North Carolina Public Charter Schools Association

Public Charter Schools Provide Real Options

The Charter Blog

 

Saturday, 16 February, 2013

Public Charter Schools Provide Real Options for 2.3 Million Children

A recent article by Stephanie Simon in Reuters, highlights a number of charter schools that appear to be engaged in selective enrollment practices. If there are charter schools violating the state and local statutes governing admissions and enrollment, we want to know about it, the overseeing authorities should investigate, and the practices should be corrected. Practices that place a burden on kids and parents who want to enroll in a charter school are contrary to the spirit of the charter school movement. While every charter school (or traditional public school) may not be the best educational setting for a particular child, charter school operators should not create high barriers to entry, and parents should be the ones to make the ultimate choices for their children.But we should not lose sight of the proverbial forest amidst the trees. There are thousands of high-quality charter schools that admit students by lottery, they serve an extremely diverse population, and they produce high-achieving students. Let’s consider each of these points in more detail.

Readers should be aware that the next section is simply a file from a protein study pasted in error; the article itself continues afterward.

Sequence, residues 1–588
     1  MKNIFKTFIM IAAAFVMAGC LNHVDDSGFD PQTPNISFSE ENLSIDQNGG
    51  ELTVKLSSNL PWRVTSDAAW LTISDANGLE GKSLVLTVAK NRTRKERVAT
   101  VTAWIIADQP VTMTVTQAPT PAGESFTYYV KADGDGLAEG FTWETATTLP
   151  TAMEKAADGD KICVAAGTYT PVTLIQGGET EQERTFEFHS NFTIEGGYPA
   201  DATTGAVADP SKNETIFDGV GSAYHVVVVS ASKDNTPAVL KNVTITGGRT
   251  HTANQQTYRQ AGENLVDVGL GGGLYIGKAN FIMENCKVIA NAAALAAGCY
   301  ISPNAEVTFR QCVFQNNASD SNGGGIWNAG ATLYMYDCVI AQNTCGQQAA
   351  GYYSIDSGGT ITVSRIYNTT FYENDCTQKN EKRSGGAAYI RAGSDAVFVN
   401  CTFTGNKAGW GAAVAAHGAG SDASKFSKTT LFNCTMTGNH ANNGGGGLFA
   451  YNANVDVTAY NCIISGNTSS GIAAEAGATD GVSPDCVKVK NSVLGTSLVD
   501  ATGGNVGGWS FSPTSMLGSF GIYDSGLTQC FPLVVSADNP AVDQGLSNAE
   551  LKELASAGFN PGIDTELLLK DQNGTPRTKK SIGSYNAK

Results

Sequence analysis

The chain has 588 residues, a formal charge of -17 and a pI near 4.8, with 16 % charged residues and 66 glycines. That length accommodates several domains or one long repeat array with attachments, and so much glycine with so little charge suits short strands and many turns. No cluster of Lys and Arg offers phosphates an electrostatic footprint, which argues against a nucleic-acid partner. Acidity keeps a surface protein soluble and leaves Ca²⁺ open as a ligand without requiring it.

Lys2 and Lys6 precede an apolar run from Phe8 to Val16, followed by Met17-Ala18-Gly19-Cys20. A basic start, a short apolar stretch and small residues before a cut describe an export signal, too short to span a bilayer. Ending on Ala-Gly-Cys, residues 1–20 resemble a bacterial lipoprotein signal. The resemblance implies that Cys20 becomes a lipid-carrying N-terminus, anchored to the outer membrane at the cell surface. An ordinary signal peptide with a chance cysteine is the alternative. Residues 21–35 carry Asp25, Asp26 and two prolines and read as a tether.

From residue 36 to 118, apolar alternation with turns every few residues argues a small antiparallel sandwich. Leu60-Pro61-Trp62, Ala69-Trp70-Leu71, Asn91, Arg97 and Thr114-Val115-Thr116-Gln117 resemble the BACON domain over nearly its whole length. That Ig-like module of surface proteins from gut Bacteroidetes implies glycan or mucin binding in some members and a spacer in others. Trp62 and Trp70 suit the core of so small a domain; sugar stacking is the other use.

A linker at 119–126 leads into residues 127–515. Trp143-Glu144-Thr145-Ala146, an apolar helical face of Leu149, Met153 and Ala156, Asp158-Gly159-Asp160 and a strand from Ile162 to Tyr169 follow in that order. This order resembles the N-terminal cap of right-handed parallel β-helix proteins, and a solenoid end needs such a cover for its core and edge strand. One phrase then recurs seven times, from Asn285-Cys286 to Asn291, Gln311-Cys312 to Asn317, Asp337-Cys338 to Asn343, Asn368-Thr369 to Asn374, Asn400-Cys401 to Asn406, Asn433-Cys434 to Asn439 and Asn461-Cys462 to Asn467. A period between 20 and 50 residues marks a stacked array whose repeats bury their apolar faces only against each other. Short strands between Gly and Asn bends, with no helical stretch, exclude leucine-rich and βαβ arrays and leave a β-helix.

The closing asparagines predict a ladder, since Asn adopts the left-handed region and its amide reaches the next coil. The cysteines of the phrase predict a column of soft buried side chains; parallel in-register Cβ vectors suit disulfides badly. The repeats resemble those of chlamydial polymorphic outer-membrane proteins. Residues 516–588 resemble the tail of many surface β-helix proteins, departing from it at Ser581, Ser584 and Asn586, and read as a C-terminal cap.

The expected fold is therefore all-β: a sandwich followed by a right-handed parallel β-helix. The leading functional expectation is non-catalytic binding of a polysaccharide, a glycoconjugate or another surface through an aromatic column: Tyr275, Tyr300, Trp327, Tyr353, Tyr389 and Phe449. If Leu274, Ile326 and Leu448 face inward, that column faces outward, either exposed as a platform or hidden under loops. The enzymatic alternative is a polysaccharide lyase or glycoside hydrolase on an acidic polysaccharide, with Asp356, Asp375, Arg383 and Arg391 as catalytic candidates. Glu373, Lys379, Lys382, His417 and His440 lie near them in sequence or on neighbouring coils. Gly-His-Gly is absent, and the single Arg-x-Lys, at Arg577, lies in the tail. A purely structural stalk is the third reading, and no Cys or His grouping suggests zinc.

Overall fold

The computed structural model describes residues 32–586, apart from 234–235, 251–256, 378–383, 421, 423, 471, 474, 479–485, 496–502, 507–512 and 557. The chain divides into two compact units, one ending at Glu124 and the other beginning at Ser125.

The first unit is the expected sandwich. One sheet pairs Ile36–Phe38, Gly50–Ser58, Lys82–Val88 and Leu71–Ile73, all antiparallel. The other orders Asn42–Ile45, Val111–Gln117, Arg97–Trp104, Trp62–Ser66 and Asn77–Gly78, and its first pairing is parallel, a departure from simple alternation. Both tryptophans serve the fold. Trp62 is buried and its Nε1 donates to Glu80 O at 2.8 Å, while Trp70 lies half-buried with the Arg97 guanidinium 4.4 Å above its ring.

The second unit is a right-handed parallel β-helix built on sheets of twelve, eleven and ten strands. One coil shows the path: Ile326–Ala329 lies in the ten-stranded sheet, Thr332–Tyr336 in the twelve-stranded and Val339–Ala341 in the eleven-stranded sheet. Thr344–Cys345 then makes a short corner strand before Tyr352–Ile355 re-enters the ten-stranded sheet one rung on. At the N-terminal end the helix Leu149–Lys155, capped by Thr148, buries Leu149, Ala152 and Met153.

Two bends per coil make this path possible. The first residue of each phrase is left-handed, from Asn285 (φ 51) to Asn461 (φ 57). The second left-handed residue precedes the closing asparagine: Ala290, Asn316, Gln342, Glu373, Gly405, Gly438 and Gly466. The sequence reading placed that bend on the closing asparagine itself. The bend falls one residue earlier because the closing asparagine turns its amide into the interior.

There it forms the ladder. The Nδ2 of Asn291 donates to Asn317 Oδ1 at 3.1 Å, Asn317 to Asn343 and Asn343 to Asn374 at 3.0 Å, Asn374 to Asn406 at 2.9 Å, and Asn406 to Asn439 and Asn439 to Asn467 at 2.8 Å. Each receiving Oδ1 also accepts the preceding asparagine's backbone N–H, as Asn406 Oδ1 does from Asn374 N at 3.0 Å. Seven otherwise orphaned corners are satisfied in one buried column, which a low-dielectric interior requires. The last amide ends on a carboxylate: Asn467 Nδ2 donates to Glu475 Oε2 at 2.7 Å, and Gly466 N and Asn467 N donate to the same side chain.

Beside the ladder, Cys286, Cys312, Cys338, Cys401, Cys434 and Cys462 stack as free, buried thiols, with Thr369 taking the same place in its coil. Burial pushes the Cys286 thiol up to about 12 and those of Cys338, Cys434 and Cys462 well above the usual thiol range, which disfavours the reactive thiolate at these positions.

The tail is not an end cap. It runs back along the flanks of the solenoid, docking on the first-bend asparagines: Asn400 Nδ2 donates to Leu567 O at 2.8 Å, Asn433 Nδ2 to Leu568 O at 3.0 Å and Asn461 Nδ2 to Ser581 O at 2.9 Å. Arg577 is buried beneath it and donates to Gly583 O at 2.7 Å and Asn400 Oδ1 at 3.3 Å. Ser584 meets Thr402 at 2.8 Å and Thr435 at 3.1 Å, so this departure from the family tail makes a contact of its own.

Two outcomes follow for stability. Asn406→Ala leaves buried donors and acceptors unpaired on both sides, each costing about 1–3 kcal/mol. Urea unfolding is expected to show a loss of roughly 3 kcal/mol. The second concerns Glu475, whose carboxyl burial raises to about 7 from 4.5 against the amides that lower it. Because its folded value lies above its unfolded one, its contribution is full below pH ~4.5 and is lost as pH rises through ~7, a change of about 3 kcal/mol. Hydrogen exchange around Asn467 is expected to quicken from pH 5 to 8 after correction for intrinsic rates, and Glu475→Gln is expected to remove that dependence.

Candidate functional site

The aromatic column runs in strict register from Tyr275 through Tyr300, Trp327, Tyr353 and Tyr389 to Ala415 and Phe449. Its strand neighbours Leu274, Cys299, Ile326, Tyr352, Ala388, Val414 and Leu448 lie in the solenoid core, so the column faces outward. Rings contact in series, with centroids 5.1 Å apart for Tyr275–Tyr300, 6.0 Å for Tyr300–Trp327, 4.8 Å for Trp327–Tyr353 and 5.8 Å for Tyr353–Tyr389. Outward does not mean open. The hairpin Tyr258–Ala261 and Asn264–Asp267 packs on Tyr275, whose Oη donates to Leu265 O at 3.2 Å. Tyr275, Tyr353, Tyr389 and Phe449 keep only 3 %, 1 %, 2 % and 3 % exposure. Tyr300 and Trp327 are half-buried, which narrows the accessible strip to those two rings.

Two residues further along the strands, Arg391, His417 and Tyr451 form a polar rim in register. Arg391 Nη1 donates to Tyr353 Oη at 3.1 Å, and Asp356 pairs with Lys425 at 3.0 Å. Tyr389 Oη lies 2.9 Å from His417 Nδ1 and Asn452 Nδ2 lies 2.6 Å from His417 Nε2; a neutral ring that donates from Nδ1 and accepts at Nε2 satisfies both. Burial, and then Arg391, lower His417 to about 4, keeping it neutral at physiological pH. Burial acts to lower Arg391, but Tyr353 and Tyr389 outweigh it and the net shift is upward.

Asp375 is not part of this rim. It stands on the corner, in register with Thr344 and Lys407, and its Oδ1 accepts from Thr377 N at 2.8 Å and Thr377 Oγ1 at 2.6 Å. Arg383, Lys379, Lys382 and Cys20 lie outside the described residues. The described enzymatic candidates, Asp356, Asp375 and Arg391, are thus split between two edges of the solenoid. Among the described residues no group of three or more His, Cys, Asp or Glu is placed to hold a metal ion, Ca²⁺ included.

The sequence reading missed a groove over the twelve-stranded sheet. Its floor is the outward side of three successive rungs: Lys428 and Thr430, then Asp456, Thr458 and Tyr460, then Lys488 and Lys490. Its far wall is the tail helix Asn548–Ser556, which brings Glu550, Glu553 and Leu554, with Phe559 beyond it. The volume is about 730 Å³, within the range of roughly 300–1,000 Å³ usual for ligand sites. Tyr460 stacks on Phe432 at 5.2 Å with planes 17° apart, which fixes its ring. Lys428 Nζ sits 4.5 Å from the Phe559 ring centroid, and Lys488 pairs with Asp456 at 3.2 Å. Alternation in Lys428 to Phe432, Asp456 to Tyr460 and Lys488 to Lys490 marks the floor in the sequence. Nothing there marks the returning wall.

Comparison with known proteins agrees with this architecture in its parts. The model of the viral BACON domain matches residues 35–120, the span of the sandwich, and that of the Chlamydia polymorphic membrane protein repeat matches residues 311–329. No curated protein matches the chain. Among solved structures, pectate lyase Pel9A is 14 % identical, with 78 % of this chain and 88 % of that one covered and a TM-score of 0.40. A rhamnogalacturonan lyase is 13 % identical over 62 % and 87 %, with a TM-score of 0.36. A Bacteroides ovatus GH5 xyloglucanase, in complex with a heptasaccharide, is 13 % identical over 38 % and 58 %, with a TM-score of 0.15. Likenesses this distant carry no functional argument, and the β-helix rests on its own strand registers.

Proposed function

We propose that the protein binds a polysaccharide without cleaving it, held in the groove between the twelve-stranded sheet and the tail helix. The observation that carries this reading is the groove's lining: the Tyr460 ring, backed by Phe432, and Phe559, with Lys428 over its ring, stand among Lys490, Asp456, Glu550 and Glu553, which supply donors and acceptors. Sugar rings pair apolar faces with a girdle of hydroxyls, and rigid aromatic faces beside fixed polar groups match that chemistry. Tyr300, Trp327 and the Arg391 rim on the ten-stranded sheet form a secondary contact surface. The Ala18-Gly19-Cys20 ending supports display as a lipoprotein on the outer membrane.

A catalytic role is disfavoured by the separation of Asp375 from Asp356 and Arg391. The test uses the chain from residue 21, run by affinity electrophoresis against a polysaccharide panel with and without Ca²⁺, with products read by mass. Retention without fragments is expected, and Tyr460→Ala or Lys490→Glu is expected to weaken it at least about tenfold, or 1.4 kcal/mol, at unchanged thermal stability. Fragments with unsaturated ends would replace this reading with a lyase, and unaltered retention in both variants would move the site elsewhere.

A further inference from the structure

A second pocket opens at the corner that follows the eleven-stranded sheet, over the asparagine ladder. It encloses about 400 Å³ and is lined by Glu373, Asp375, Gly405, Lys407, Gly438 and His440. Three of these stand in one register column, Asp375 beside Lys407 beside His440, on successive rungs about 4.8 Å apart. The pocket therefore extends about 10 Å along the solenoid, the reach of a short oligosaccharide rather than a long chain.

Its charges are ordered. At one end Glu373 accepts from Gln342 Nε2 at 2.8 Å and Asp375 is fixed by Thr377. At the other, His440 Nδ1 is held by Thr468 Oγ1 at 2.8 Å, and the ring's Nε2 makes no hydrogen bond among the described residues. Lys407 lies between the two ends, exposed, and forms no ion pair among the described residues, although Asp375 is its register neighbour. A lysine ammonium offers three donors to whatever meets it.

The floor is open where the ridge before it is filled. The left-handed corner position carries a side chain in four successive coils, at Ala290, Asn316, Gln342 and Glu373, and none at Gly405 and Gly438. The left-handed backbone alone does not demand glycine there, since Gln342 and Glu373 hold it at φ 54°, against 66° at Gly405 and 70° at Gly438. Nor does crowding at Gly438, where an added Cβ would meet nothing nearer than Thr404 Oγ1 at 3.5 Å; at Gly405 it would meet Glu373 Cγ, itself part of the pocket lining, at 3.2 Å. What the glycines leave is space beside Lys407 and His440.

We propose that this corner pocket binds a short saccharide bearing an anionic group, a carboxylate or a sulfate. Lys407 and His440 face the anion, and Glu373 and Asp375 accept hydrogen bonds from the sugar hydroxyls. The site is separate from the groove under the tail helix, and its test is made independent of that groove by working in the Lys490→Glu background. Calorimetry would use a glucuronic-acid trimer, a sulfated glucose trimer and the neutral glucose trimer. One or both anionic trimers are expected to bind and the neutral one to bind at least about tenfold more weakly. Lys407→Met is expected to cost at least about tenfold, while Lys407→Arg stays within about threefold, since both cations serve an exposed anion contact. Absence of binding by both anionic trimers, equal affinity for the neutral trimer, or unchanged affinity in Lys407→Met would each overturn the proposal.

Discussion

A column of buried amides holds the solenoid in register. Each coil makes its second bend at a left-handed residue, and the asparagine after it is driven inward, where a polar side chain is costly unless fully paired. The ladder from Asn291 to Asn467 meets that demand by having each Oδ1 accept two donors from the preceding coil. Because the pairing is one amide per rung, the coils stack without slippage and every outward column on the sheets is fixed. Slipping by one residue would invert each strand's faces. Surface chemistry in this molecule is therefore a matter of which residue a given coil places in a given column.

First, there are over 6,000 charters schools, in 40 States and DC, serving 2.3 million students. The majority of the schools are over-subscribed, meaning they have to rely on randomized lotteries for admissions. Last year, more than 600,000 students were not admitted to charter schools because they were not selected in these lotteries.

Second, the public charter school movement is predominantly opening schools in communities with high concentrations of low-income students of color and low-performing district schools, focused on closing the nation’s persistent academic achievement gap. As a result, public charter schools across the nation enroll a greater percentage of low-income students than traditional public schools (46 percent versus 41 percent), black and Latino students (27 percent versus 15 percent and 26 percent versus 22 percent, respectively), and students who perform lower on standardized tests before transferring to public charter schools.

Third, students in charter schools are increasingly outperforming their traditional public school peers. This is not simply a function of charter schools skimming the best and the brightest from public schools. Randomized field tests show that students in charters outperform their peers who applied to a charter but were not chosen in the randomized lottery. In other words, regardless of the motivations of the families who are drawn to charter schools, these schools are able to raise the academic achievement of their students. They do this by stretching the school day and the school year, providing individualized student support, and by attracting teachers who are empowered to do what’s right by their students.

In an ideal world, every parent who wanted to send their child to a charter school would be able to do so. Perhaps unwittingly, the Reuters article underscores the popularity of charter schools and why more are needed. Indeed, that would be a great subject for another article, and we would welcome the opportunity to work with Ms. Simon on just such an article.

 

Posted by: Nina Rees at Saturday, 16 February, 2013 12:00 AM